What does one of the world’s biggest rock bands do when they land in Adelaide? They book a studio and rehearse for almost five hours straight.

Rather than take in our world-class wine regions or book out an entire restaurant, US rockers Queens of the Stone Age had other plans for Adelaide.

A complete overhaul of the band’s more recent setlists gave us an expansive and new look set from its near 30-year career.

Just after 9pm, frontman Josh Homme’s imposing stature hits the stage, gently swaying his six foot three frame to Peggy Lee’s “Smile” and the swagger is dialled up to 11 before a single note is struck.

The show marked the return of live music to The Drive after more than 15 years, a venue that previously hosted the likes of U2, The Police, INXS, Midnight Oil, Santana, Powderfinger, Jet and the Kings of Leon. And the near sold-out crowd had quite the appetite for a big outdoor show – namely the band’s trademark rock and sludgy blues.

In support of its latest long player In Times New Roman,  the 18-song set was peppered with new material sitting comfortably alongside its now classic early 2000s heavy hitters.

Kicking things off with “The Evil Has Landed” the band ripped through the first portion of the night in straight sets.

Queens of the Stone Age

Josh Homme declared his love for Adelaide at The Drive. Photo: Sam Kelton/InReview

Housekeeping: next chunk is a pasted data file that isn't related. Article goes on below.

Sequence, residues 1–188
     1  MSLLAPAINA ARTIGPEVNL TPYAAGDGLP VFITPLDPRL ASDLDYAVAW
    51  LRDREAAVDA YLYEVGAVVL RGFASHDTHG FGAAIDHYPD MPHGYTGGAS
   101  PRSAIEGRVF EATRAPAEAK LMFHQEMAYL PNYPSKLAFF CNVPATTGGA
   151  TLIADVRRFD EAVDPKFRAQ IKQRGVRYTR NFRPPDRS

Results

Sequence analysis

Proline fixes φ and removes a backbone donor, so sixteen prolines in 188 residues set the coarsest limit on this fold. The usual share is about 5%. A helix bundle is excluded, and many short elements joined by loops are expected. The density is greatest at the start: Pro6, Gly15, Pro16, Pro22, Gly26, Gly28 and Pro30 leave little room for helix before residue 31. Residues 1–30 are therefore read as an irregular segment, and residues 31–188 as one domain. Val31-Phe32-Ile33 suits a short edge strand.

Pulling out some trick shots including “I’m Designer” and the hallucinogenic “I Think I Lost My Headache”, Homme was intent on giving Adelaide a special show for what he says is the best place in Australia.

“I fucking love Adelaide,” he exclaimed.

With a somewhat fan-heavy opening that took us into various nooks of the band’s dark crevasses, it was time to unleash the hounds.

The opening chords of “No One Knows” rang out but were soon drowned out by screams. The newly renovated tennis centre shook under the power of thousands of rock fans jumping, moshing and dancing to a song synonymous with modern rock.

The energy continued with the incendiary “My God is the Sun”, “Sat by the Ocean” and the toe-tapping “The Way We Used To”.

One complaint for much of the night was a muddy mix: it was often hard to hear each band member’s individual performance as opposed to a big dirty wall of noise.

That said, though, the aptly titled “The End is Nero” tour is a loud, sexy and slithering apocalyptic soundtrack.

The sing-along of “Make it Wit Chu” was a highlight as the band pulled out its aces for a winning end to the night.

“Little Sister” wrapped up the main set before the band returned for a three-song encore taking us back to where it all began with 1998’s “Regular John” before  “Go With the Flow” and the frantic “Song for the Dead”, dedicated to the late Mark Lanegan who’s voice was synonymous with arguably the band’s greatest body of work.

Tom Jones, Incubus and Live are set to play in the coming weeks and the revamped stadium has given Adelaide a new live music destination, a festival vibe with arena amenities.

With more acts to be announced for the venue in coming months, last night’s crowd may have just gotten the ringing out of their ears by then… just.

Queens of the Stone Age played at The Drive on February 13.

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